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How Do I Get a Seat at the Table?
In the contemporary organization of inclusion and consensus, leaders are bombarded by team members who want to participate in the decision-making that affects both them and the team.
After any real time in a role, team members want to know how they can get a seat at the decision-making table. Over time, this request begins to sound urgent.
The logic is flawless: If I’m such a valuable contributor, why wouldn’t you want me to participate fully (and at the table) when critical decisions need to be made?
Good leaders know that only so many people can be included in major decisions. If you have more than a large handful of decision-makers, discussions become unwieldy, overly complex, and replete with competing viewpoints that often reflect self-interest.
Too many voices yield low-quality decisions. Yet, the desire to include strong performers in the process is of real interest and concern.
The best leaders solve this dilemma by distinguishing between input and advocacy within the organization and team. When team members offer input, they do so up against a problem or opportunity of importance. They offer their views and justify them with data or supporting facts. Input doesn’t require an audience. The chance to weigh in and offer a preferred outcome or approach can be done in a variety of mediums and formats.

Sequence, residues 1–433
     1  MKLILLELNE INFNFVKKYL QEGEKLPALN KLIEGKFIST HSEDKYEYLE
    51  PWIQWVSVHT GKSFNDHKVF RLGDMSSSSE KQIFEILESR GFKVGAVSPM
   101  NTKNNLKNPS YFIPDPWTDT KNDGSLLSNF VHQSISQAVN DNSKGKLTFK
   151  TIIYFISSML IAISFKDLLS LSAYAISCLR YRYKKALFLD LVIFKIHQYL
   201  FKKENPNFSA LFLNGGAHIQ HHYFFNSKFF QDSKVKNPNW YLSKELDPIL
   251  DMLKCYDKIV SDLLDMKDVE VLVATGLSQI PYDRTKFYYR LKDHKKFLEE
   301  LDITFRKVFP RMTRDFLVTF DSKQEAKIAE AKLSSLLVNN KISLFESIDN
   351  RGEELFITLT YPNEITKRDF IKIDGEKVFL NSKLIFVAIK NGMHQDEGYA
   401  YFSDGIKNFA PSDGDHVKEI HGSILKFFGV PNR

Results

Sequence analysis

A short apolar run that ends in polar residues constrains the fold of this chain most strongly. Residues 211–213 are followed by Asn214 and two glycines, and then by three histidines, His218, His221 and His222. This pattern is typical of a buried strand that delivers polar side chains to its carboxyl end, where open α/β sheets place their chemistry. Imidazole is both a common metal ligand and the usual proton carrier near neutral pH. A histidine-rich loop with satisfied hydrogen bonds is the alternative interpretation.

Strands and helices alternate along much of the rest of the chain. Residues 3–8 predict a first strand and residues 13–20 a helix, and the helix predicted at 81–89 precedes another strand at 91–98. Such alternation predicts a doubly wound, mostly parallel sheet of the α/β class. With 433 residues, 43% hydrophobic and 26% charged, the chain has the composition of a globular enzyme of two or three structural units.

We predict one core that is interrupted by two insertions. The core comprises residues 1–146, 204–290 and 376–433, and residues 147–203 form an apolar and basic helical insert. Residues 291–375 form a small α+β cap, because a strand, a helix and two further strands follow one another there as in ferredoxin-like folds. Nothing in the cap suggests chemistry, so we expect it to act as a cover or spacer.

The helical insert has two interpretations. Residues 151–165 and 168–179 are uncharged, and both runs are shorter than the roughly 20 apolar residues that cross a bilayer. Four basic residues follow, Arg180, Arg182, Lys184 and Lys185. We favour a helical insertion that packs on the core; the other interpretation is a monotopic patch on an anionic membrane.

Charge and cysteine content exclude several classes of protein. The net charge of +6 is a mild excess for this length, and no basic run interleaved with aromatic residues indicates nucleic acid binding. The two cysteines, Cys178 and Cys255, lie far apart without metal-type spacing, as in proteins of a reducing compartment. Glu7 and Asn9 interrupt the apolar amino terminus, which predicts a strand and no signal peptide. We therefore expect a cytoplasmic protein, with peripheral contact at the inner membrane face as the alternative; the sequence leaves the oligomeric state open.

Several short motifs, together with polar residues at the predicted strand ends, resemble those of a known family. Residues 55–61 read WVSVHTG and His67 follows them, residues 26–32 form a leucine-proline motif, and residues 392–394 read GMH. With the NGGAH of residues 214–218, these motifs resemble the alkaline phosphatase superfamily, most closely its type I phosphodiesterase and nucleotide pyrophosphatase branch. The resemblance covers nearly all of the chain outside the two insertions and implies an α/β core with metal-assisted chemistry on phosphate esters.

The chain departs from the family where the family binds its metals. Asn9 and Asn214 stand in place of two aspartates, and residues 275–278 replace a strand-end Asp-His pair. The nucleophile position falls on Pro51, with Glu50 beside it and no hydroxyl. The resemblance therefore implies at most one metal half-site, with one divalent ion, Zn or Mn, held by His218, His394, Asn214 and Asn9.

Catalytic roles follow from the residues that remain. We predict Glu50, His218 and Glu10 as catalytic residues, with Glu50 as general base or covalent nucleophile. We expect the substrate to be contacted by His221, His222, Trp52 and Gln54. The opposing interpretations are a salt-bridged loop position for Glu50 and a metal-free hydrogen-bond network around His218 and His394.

Advocacy, on the other hand, is about actively staking out a position and persuading others to yield to this view. It requires sound analysis of competing facts, robust discussion, and rigorous debate. Reaching a quality decision requires both input from all stakeholders and advocacy from those mandated to reach a conclusion for the organization or team.
Leaders can’t always expand the size of the group that decides on strategic decisions critical to the success of the enterprise. Too many cooks in the kitchen, as they say. But what they can do is design input processes so that everyone who should have a voice can be heard. The more input in a timely manner, the better.
When those impatient with requesting a seat at the table know they can weigh in on any decision that affects them, the dissatisfaction of not being at the table is partially mollified.
Not everyone who wants to participate in a decision can be accommodated in most organizations. Yet, well-designed processes for input can allow everyone to have a voice. The best leaders insist on acquiring the views of all stakeholders affected by a decision, but they reserve the debate for a limited number of colleagues with the seniority, experience, and analytical skills to carefully craft a decision.
Input and advocacy are different animals. Good leaders design decision-making processes accordingly.